Peter Gammons: The Transitional Culture of Cuban Baseball Development

Kendrys Morales

It was well after 10 p.m., we were leaving a playoff game in Havana between Industriales and La Isla, and we were driving back to our hotel. Down one dimly-lit street there was a line a half-block long, and when we asked what could possibly be going on at that time of night, our guide, who worked for the ABC Havana Bureau, said, “loosely translated, you would call it a ‘snitch line.”

She further explained that people could get get extra food rations or stamps if they came into the government office and, “give information about neighbors, of people they know about.”

The time was not so long ago, 1999, ten days before the Baltimore Orioles would come to play the Cuban National team. Kendrys Morales and Yulieski Gourriel were 15, playing for a sports academy outside Havana (where Jose Fernandez would later attend and play), Jose Contreras was the national team’s best pitcher.

I brought it up this past week because of a conversation with a Dodger official because of their heavy off-season investment in Cuban players, as well as the fact that now that Yasiel Puig is 25 years old and entering his fourth year playing in the United States for the Dodgers, his career and its impact on the Dodgers is at a critical stage.

In no way was there even a hint of any problem with Don Mattingly’s handling of the meteoric outfielder. Mattingly was burdened with a fractioned roster and clubhouse, with personalities that reflected divergent career paths and baseball cultures that seemingly often did not connect. Puig could play like a superstar, sometimes he played as if he were riding the Tower of Terror at Disneyland. While tales of his escape to Mexico, his marketeers and his struggles with the cultural differences between Havana and Los Angeles swirled around him, there were moments of innocence, such as when he told Mattingly he’d like to be like Derek Jeter. Other times, not so. Health also has been an issue.

“I think the most important thing with the Cuban players is building a trust that goes both ways,” said the Dodger official. We have seen how Yunel Escobar’s career turned in Tampa when Joe Maddon established that trust, or how the career of Adeiny Hechavarria has blossomed in time. But we’ve never learned anything about Hector Olivera, because of injuries and, more important, the complications of traversing the straits between that dimly-lit street and the promised land, promises that most of the time cannot be kept.

“Donnie tried really hard, and maybe Yasiel wasn’t ready to trust the situation,” said the Dodger official. “Maybe it will take a new situation. Dave Roberts is an incredibly positive person. He has had what we hope have been productive meetings with Puig.”

Then there is George Lombard, Roberts’ prized addition to his coaching staff. The Dodger front office was blown away by Lombard, who is highly intelligent (his grandfather George Francis Fabyan Lombard was the dean of Harvard Business School), his mother Posy became a significant figure in the Civil Rights Movement after graduating from Smith, working closely with the Rev. Martin Luther King before tragically losing her life in an automobile accident on Cape Cod.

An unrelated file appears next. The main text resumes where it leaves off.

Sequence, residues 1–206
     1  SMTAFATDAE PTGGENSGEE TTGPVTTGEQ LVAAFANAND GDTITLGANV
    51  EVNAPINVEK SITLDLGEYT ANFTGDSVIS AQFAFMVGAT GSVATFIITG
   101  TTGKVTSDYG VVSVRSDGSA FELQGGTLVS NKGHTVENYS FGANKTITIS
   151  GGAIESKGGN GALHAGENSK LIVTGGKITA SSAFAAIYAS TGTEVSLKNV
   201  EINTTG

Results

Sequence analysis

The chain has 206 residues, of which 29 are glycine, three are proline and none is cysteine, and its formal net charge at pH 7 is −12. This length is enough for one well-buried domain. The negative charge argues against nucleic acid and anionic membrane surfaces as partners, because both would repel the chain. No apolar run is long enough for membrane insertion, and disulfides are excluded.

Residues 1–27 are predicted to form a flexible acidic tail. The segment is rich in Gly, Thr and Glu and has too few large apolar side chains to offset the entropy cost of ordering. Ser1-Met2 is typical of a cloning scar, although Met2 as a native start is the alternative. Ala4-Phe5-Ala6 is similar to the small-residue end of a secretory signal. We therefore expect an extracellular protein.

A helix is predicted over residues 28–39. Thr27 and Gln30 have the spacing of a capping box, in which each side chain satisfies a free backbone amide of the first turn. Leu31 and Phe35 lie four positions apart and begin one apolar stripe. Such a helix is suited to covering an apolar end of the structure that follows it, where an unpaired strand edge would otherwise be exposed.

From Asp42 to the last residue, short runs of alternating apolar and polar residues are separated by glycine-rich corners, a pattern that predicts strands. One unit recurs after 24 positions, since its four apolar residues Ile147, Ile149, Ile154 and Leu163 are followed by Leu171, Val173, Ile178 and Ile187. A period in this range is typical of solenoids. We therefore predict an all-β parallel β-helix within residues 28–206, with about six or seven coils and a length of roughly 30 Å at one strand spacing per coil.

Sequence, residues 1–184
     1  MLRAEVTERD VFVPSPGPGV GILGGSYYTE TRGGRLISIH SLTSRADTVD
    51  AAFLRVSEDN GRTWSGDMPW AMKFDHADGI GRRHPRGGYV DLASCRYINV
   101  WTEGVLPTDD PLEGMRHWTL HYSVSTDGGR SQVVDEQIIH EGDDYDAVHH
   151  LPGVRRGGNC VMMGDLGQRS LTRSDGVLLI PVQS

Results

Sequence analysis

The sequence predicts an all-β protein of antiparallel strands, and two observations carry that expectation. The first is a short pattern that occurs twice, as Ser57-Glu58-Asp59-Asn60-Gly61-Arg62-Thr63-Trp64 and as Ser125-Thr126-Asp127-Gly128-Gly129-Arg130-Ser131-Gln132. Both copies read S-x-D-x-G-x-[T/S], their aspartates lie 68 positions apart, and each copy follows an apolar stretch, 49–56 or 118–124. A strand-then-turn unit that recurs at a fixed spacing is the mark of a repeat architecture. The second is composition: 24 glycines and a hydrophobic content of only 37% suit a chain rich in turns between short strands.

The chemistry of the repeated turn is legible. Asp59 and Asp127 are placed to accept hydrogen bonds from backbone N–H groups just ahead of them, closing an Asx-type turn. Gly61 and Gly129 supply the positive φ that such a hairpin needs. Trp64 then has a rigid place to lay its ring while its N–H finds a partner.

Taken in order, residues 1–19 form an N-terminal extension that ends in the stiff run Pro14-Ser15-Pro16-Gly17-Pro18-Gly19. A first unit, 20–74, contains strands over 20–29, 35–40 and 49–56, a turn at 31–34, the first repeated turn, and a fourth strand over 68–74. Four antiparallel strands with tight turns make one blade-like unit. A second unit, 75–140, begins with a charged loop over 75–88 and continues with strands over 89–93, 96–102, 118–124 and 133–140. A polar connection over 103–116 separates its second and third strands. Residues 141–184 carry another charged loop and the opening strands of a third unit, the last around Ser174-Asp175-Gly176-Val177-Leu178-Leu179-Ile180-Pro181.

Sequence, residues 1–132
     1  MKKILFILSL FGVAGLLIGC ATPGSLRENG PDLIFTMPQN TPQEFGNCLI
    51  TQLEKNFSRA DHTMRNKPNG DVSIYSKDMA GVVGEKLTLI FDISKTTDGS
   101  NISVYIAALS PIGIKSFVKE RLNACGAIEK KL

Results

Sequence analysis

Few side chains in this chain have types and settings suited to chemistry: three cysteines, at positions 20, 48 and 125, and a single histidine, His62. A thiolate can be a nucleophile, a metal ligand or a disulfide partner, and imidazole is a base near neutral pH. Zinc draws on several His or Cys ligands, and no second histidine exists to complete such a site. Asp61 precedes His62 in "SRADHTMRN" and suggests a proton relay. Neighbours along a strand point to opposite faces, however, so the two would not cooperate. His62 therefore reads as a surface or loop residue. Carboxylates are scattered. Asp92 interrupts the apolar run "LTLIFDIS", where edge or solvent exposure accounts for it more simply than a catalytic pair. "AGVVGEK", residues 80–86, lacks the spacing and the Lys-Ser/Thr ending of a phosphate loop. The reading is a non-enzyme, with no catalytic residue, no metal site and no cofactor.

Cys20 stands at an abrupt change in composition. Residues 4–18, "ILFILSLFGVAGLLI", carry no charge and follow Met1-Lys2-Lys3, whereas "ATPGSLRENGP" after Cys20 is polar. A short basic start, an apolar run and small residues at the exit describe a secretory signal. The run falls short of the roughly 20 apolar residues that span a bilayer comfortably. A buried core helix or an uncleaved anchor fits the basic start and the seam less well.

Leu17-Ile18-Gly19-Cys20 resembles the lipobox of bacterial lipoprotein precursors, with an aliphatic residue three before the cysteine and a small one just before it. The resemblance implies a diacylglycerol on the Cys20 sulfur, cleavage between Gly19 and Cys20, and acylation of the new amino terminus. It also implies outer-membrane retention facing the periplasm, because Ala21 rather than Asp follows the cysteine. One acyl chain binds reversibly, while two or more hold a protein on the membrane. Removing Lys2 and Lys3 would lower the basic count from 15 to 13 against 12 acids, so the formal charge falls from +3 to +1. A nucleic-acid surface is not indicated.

Lombard is married to a Cuban-American, knows that Miami community well, understands the Cuban culture. “I think the trust built in establishing a personal and professional relationship is hugely important,” says the Dodger official. “I do think the trust factor is something that can be difficult to build, with the Cuban players dealing with such a different culture, but many players trying to assimilate into our baseball culture from theirs.”

“With the huge numbers of Cuban players coming out, it’s vitally important,” says another Dodger official. “It seems as if there are a long list of new players to go see every week, and I don’t know if as an industry we have figured out how to make their cultural conversion less imposing and confusing.” Which is reason to question why the Red Sox, with Rusney Castillo and Yoan Moncada, passed on Lombard for Ruben Amaro for a similar coaching position.

When the Red Sox signed Jose Iglesias in September 30, 2009, they knew his transition would be less complicated than most. Iglesias was well-educated; his father was an army colonel, he had gone to good schools in a country that prides itself on having the highest literacy rate in the world, and had some taste of the basics of the English Language.

Most important, after attending Red Sox instructional league schools in the Dominican Republic and Fort Myers, Florida, Iglesias arrived at the major league team’s spring training in February and was immediately adopted by Dustin Pedroia. For most of spring training, Dustin and Kelly Pedroia had Iglesias to their house for cookouts two or three times a week. Pedroia kidded with and verbally sparred with the rookie shortstop; one morning when Iglesias got confused during cutoff drills, Pedroia pulled him aside, pointed to where he was supposed to be aligned, then shouted, “remember, you’re in Fort Myers, and when you’re in Fort Myers, I am Fidel Castro.

The whole team laughed with Iglesias. He trusted and leaned on Pedroia. He even sat down with me in late March and did a 20 minute interview for NESN, he so trusted his ability to express himself in his new language.